American Village is a large outdoor shopping area out in town that the Japanese on the island created to... hmmm... remind us of home I guess?? It seems like it is what the Japanese consider to be "American shopping". Anyway, its actually pretty cool, and I think I may end up shopping there quite a bit while living in Okinawa. While part of it includes the Jusco Mall that I talked about in a previous post, the other part is a really pretty riverwalk type area with shops and restaurants along the water. The shops include everything from clothing and toy stores, thrift shops, hotdog stands, a movie theater, another indoor mall, and even a Baskin Robbins! They also have a HUGE "Coca-Cola" branded ferris wheel that takes an hour to get all the way around, or so we've heard... We can see this gigantic ferris wheel from the balcony of our apartment at night when it lights up! We ended up looking around more than shopping, but the other indoor mall was pretty fascinating, and that is where we were first introduced to something called "Doctor Fish", which I will explain in my next post!

Some cool trash art displayed there - note the Michael Jordan statue in the background!

Some fish we were feeding in the "river" along the shops

Check out this video of American Village that Matt took:

Some of the outdoor shopping
Plaid is very popular

A sign for one of the stores named 'American Depot'

Baskin Robbins Japanese style!

Some more trash art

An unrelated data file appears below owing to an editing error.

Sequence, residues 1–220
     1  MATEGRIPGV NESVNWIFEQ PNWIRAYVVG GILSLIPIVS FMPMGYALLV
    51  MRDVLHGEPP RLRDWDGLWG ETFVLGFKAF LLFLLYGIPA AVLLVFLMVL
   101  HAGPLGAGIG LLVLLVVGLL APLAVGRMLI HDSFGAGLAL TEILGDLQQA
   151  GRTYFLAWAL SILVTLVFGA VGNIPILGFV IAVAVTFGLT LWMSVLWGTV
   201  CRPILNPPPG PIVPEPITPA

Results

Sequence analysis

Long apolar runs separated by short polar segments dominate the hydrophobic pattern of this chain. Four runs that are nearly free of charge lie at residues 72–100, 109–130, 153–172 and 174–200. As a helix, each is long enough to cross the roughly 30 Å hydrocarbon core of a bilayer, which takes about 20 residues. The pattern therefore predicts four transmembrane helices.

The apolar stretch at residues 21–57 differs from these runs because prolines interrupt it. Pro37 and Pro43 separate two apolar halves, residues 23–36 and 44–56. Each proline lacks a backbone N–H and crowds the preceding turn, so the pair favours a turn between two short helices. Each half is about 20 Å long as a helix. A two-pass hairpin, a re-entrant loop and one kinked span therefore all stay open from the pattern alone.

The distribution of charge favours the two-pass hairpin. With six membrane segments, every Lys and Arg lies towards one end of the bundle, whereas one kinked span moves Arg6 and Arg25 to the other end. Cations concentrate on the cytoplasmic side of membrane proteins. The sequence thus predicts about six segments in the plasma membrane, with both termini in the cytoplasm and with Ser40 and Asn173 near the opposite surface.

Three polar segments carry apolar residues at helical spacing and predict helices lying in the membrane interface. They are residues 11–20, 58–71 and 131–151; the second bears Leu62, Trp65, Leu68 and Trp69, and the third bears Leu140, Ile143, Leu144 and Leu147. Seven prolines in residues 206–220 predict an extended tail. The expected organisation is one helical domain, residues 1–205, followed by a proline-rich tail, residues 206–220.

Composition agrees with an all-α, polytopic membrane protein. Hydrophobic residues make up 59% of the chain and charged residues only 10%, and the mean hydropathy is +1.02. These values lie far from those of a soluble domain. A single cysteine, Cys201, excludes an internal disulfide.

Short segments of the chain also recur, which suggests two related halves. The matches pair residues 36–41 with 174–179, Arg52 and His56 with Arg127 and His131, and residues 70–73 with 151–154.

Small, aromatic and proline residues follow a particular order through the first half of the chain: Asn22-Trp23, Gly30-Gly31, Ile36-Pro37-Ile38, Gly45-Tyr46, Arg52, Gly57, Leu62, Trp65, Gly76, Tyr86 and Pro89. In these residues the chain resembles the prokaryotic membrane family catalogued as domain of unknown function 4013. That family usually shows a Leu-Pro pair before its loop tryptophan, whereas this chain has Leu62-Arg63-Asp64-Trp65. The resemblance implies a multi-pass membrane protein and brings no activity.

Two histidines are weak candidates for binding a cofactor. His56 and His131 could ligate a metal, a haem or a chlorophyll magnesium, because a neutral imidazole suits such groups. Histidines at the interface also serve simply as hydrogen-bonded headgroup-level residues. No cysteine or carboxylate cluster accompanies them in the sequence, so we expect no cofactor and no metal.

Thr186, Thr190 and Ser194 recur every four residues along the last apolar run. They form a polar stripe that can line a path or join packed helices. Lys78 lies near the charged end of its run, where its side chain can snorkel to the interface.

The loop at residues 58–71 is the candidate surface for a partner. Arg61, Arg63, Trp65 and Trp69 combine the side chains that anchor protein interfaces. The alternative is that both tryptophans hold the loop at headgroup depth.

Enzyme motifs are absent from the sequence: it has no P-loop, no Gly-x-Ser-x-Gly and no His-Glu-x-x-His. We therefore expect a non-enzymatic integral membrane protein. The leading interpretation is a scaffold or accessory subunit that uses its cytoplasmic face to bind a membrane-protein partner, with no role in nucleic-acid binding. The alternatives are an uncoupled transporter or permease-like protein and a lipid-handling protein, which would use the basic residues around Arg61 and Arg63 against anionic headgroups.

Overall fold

Coca-cola ferris wheel

I just liked the name of this store :)

Inside the mall - I felt like I was at a trade show - the "stores" are more like "booths"

Some Shi-Shi Dog stuffed animals

These are hair ties - does anyone really use these??

Macuno Naduno (McDonald's)

McDonald's is never really one of the places we like to go to for dinner, however, we just had to see what the differences were compared to American McDonald's. First of all, their workers all dress in cute little dresses, nothing like American food service workers. They also deliver your food to you at Japanese McDonald's. Ketchup comes in little containers like hunny - no packets (why don't we do THAT in America?) The portions are slightly smaller than what you are used to, and I think the most significant difference would be the taste. Everything tastes like a healthier version of what is served in America. The hamburgers taste beefier, the ketchup tastes more like tomatoes, and the fries actually taste like potatoes! They must use less oil and salt on them than American McDonald's. Okay, starting to understand why Japanese are so thin...

Counter shot

My drink and teeny tiny hamburger - only slightly larger than a White Castle Slider!

Ketchup containers!

Our receipt

Monkey Hardware